Crazy sander idea...

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Forum topic by JSB posted 12-07-2012 02:01 AM 1627 views 1 time favorited 20 replies Add to Favorites Watch
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737 posts in 2249 days

12-07-2012 02:01 AM

I have been wanting to make a disk sander for a while now but cant track down a decent motor. I was thinking, which also breeds danger, about using some old tools I had laying around. I happen to have 4 circular saws and only use one. What about mounting one upside down on a board, making a 90* table for it, putting a metal cutoff blade on it for rigidity, and a peel and stick sanding pad. Whatcha think? I keep telling myself its a bad idea then that little voice in the back of my head says to try it, it might just work out well. I have googled the idea a couple times and only find 10” disks for table saws. I could care less if I destroy the saw as its just collecting dust. I just dont want to make a mess out of some skin ;)

-- Jay -

20 replies so far

View Monte Pittman's profile

Monte Pittman

29953 posts in 2509 days

#1 posted 12-07-2012 02:06 AM

Part of me says it could work. Part of me says chance of injury is eminent :O

-- Nature created it, I just assemble it.

View Grandpa's profile


3261 posts in 2847 days

#2 posted 12-07-2012 02:21 AM

It is rough when you accidently bump the sanding disc with your finger. It would be extremely tough bumping a metal cutoff blade with your finger. Those things do happen. I don’t like metal or masonry blades because it they get a bump they might crack and then they tend to break apart and throw pieces all over the place. I bought a 12” disc sander from Grizzly for not much. I think it was under $200 on sale. They were probably selling out that model line and got rid of them so they could introduce the model with the face shield over the right half of the disc. Look into one of those and you won’t be sorry.

BTW, I have a friend that is a welder by trade. He had a grinding disc like you describe that came apart and flew off his air grinder. It went through the side of his welding hood and nicked part of his head. He was very fortunate.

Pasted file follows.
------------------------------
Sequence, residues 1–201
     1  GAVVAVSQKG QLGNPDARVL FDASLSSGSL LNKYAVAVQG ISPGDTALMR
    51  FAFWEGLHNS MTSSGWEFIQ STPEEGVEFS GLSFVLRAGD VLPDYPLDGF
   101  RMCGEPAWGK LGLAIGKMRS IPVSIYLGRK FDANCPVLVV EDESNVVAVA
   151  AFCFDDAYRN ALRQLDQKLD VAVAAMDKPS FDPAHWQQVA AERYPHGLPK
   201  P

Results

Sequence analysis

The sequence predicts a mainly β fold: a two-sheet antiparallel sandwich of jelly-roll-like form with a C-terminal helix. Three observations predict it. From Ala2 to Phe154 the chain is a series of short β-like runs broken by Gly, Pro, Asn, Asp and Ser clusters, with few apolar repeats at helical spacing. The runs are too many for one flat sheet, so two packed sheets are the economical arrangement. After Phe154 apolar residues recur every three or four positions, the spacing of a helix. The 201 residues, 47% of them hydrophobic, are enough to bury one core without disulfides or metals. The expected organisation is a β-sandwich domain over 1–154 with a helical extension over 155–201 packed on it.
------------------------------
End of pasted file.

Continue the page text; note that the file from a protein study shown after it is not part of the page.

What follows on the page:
View a1Jim's profile


117270 posts in 3748 days

#3 posted 12-07-2012 02:42 AM

Let me be blunt ,DON’T DO IT !!!!! There are two things I don’t like about it #1 the circular saw# 2 The cut-off blade.

some alternatives

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Nicholas Hall

352 posts in 2278 days

#4 posted 12-07-2012 02:54 AM

I love improvised tools as much as the next guy, and I’ve been know to choose quixotic projects over self preservation from time to time, but even I think this idea has trouble written all over it. It’s against my nature to agree with the majority, but I agree with all of the posts above. Keep all of your fingers, and with the money you’ve saved on surgery, you should pre-emptively buy yourself a disc sander :)

-- Outside of a dog, a book is a man's best friend. Inside of a dog, it's too dark to read. -Groucho Marx

View crank49's profile


4032 posts in 3142 days

#5 posted 12-07-2012 03:19 AM

I got this one at Harbor Freight for less than $100 and I love it.

It’s a 12” direct drive.

They have a 10” version but I have seen really bad reviews on it.

View Mark Shymanski's profile

Mark Shymanski

5623 posts in 3884 days

#6 posted 01-06-2013 01:26 AM

Wouldn’t the speed be too fast? Would the bearings stand up to the side loading?

-- "Checking for square? What madness is this! The cabinet is square because I will it to be so!" Jeremy Greiner LJ Topic#20953 2011 Feb 2

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3261 posts in 2847 days

#7 posted 01-06-2013 01:40 AM

get a disc and look for a cheap benchtop saw at a yard sale. the discs are sold everywhere

View JSB's profile


737 posts in 2249 days

#8 posted 01-06-2013 01:46 AM